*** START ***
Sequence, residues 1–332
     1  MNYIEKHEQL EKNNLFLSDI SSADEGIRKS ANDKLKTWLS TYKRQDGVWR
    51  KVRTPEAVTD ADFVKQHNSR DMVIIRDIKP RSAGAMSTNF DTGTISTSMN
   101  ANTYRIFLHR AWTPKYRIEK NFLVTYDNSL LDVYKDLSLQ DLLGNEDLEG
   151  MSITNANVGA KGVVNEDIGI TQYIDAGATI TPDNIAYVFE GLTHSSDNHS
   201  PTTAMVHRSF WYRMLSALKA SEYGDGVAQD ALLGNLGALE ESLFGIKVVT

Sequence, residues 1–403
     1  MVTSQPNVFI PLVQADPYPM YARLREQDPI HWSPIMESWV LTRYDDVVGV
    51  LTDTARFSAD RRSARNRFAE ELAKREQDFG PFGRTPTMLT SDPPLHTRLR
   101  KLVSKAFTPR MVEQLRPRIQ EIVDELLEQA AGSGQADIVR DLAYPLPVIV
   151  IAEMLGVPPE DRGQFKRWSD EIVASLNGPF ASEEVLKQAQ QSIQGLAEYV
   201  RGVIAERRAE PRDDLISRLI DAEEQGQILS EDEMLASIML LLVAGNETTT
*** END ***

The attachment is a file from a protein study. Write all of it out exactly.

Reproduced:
Sequence, residues 1–332
     1  MNYIEKHEQL EKNNLFLSDI SSADEGIRKS ANDKLKTWLS TYKRQDGVWR
    51  KVRTPEAVTD ADFVKQHNSR DMVIIRDIKP RSAGAMSTNF DTGTISTSMN
   101  ANTYRIFLHR AWTPKYRIEK NFLVTYDNSL LDVYKDLSLQ DLLGNEDLEG
   151  MSITNANVGA KGVVNEDIGI TQYIDAGATI TPDNIAYVFE GLTHSSDNHS
   201  PTTAMVHRSF WYRMLSALKA SEYGDGVAQD ALLGNLGALE ESLFGIKVVT

Sequence, residues 1–403
     1  MVTSQPNVFI PLVQADPYPM YARLREQDPI HWSPIMESWV LTRYDDVVGV
    51  LTDTARFSAD RRSARNRFAE ELAKREQDFG PFGRTPTMLT SDPPLHTRLR
   101  KLVSKAFTPR MVEQLRPRIQ EIVDELLEQA AGSGQADIVR DLAYPLPVIV
   151  IAEMLGVPPE DRGQFKRWSD EIVASLNGPF ASEEVLKQAQ QSIQGLAEYV
   201  RGVIAERRAE PRDDLISRLI DAEEQGQILS EDEMLASIML LLVAGNETTT